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Surprise! Smart Watches Have Dumb Security

How many popular smart watches feature sub-par security? Maybe all of them.

A new study conducted by Hewlett-Packard researchers took 10 of the most popular smart watches on the market and ran them through a gamut of tests to evaluate how susceptible they were to common cyberattacks. HP found that every smart watch tested fell victim to at least one major security flaw.

HP did not share the exact models of the smart watches it tested, as it wants to notify manufacturers before word gets out to the general public. The company shared its findings in a short research paper, in which the researchers described their methodology and results.

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HP ran each smart watch through a series of manual and automated tests that evaluated the device based on the Open Web Application Security Project Internet of Things Top 10 protocols. These shortcomings include "insecure Web interface," "insufficient authentication/authorization," "lack of transport encryption," "privacy concerns," "insecure software/firmware" and "poor physical security."

HP discovered that 70 percent of smart watches accepted firmware updates without encryption. This could allow a man-in-the-middle attacker to attach malicious files to an update and wreak havoc with a user's smart watch.

Two of the 10 devices accepted any pairing request, meaning that a potential thief could pair them with his or her own smartphone. Only half of the smartwatches offered a PIN or password screen lock; the other half would always leave a user's private information totally vulnerable on a stolen watch.

Encryption turned out to be a problem for nearly half of the smart watches tested. While every device used some form of encryption, 40 percent of them were susceptible to the POODLE attack, which can crack through SSL or TLS encryption. This could prove hugely problematic, as smart watches collect some of a user's most personal health data.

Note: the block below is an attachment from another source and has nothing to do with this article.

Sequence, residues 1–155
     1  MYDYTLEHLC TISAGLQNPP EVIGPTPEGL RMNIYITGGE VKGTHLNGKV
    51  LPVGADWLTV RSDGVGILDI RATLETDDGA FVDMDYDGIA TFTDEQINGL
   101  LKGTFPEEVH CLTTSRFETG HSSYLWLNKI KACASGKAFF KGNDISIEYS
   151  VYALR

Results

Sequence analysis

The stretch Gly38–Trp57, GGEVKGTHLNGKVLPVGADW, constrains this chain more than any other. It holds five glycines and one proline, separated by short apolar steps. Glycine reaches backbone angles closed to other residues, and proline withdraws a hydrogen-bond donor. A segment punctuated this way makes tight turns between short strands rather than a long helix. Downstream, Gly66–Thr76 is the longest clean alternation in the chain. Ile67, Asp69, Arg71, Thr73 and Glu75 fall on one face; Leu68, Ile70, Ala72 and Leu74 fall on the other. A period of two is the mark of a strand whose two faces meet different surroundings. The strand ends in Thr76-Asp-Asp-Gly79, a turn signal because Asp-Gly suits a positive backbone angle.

In fact, privacy concerns were found in every smart watch HP tested. Every single device recorded, and revealed, a user's name, address, birthdate, weight and gender, while 70 percent of them also gave out information about a user's heart rate. In conjunction with the lack of password screen locks and the POODLE vulnerabilities, this means that a dedicated cybercriminal could find out a lot of information about a user without resorting to extraordinary measures.

At this time, HP does not have any specific recommendations for users who own smart watches, nor does it advise new consumers whether to buy them or to hold off. The company points out that since the technology is new, security will likely evolve to keep pace with adoption.

However, smart watches are clearly not off to an auspicious start, and short of using the limited security measures already in place, there does not appear to be much that users can do to defend themselves.

Marshall Honorof is a senior writer for Tom's Guide. Contact him at mhonorof@tomsguide.com. Follow him @marshallhonorof. Follow us @tomsguide, on Facebook and on Google+.